Opioid pain medications are widely prescribed among women of childbearing age, which is a "significant public health concern," federal health officials with the Centers for Disease Control and Prevention said today.
A new report published in the January 23 issue of Morbidity and Mortality Weekly Report (MMWR) shows that roughly one fourth of privately insured women aged 15 to 44 years and about one third of their counterparts insured by Medicaid filled a prescription for an opioid each year during 2008 to 2012.
"Taking opioid medications early in pregnancy can cause birth defects and serious problems for the infant and the mother," CDC Director Tom Frieden, MD, MPH, said in a statement. These include neural tube defects, congenital heart defects, and gastroschisis. There is also a risk for neonatal abstinence syndrome from opioid exposure in pregnancy.
"Many women of reproductive age are taking these medicines and may not know they are pregnant and therefore may be unknowingly exposing their unborn child. That's why it's critical for health care professionals to take a thorough health assessment before prescribing these medicines to women of reproductive age," Dr Frieden said.
Using two large health insurance claims datasets, CDC researchers analyzed opioid prescription data from 2008 to 2012 for women aged 15 to 44 years with private insurance and Medicaid.
On average, 39.4% of Medicaid-enrolled women and 27.7% of privately insured women filled an opioid prescription from an outpatient pharmacy each year during the study period. The most commonly prescribed opioids were hydrocodone, codeine, and oxycodone.
Per year, an average of three opioids were prescribed for every four privately insured women, and nearly two opioids prescribed for every one Medicaid-enrolled woman, the CDC says.
Geographic data available for private insurance claims show the highest rates of opioid prescription among reproductive-aged women in the South and the lowest rates in the Northeast. Race/ethnicity data available for the Medicaid data show that opioid prescriptions were nearly 1.5 times higher among non-Hispanic white women compared with non-Hispanic black or Hispanic women.
"This new information underscores the importance of responsible prescribing, especially of opioids, for women of child bearing age," Coleen Boyle, PhD, director of CDC's National Center on Birth Defects and Developmental Disabilities, said in the statement.
Weigh Benefits, Risks
The CDC authors of the MMWR report note that opioid prescription claims were highest in 2009. "Although there appeared to be a decline in the frequency of opioids prescribed to both privately insured and Medicaid-enrolled women of reproductive age from 2009 to 2012, any conclusions about changes over time must be interpreted with caution," note first author Elizabeth Ailes, PhD, and colleagues.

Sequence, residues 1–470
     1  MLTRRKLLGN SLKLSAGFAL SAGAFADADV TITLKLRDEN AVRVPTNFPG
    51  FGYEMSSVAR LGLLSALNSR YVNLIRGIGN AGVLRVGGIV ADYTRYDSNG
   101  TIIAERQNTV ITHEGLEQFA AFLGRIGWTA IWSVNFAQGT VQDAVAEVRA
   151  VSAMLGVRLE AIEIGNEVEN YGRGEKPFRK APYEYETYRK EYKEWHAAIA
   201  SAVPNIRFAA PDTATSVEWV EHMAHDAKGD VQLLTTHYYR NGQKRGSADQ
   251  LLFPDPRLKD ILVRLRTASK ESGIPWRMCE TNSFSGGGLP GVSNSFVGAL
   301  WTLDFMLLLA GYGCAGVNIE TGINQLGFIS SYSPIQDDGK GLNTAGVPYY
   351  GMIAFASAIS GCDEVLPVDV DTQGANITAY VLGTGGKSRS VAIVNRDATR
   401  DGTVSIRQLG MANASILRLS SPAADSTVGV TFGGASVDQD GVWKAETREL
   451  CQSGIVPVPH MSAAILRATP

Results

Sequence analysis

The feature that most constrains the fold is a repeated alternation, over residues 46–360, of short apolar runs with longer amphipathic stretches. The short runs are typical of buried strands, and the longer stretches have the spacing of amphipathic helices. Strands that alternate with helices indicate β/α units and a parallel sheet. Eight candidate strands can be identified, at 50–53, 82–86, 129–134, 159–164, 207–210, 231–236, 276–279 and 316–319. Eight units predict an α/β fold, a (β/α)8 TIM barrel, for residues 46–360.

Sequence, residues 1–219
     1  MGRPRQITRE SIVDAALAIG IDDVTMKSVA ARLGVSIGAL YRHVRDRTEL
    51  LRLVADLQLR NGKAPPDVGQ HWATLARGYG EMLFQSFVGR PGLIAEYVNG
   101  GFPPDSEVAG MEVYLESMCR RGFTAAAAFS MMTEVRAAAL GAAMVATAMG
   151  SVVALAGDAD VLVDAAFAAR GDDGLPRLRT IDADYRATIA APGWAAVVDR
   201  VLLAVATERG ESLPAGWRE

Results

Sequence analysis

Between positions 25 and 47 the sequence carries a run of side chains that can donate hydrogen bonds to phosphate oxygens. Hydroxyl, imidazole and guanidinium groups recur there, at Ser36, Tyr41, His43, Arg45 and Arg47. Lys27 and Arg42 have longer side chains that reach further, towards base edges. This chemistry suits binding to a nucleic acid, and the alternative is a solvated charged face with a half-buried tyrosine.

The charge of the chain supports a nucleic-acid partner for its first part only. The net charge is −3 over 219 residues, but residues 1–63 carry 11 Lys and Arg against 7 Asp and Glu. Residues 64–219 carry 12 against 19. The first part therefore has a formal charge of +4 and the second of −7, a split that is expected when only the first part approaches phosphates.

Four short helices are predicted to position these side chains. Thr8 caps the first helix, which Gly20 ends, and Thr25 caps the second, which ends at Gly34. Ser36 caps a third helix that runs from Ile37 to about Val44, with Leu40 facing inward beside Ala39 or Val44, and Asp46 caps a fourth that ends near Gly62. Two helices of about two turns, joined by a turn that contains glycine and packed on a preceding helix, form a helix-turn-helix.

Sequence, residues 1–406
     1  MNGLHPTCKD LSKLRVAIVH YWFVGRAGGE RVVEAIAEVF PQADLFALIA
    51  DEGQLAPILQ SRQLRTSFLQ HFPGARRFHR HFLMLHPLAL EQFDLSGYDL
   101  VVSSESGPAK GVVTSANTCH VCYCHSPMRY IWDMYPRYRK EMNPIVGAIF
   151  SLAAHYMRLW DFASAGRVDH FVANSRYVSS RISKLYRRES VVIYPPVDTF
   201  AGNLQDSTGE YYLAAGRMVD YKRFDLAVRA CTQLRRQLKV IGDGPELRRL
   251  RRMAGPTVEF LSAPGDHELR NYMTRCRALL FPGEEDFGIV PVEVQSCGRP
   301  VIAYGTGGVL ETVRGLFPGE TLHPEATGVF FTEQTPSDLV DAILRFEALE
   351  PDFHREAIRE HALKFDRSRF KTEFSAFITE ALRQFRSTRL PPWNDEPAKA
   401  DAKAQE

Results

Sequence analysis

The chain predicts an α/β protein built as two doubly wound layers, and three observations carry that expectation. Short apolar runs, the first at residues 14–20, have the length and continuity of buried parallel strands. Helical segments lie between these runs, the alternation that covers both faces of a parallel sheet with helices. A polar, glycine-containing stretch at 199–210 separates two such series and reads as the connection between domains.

At least one prior study did note a decrease in opioid prescriptions among pregnant women, from 14.9% in 2005 to 12.9% in 2011, they point out.
Still, they say more targeted interventions and communications strategies are needed to reduce "unnecessary prescribing and use of opioid-containing medications, particularly among women who might become pregnant."
In a safety communication issued earlier this month, the US Food and Drug Administration (FDA) urged clinicians to carefully weigh the benefits and risks of using prescription and over-the-counter (OTC) pain medicines during pregnancy.
Recent reports questioning the safety of prescription and OTC pain medicines when used during pregnancy prompted the FDA to evaluate relevant published studies. But the agency said they failed to find enough information to change current recommendations.
"As a result, our recommendations on how pain medicines are used during pregnancy will remain the same at this time," the FDA said.
The agency advises health care professionals to continue to follow the recommendations in the drug labels when prescribing pain medicines to pregnant patients. They advise pregnant women to consult with their health care professional before taking any prescription or OTC medicine.
MMWR Morb Mortal Wkly Rep. 2015;64:37-41. Full text
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Cite this: CDC Urges Caution on Opioid Prescribing in Young Women - Medscape - Jan 22, 2015.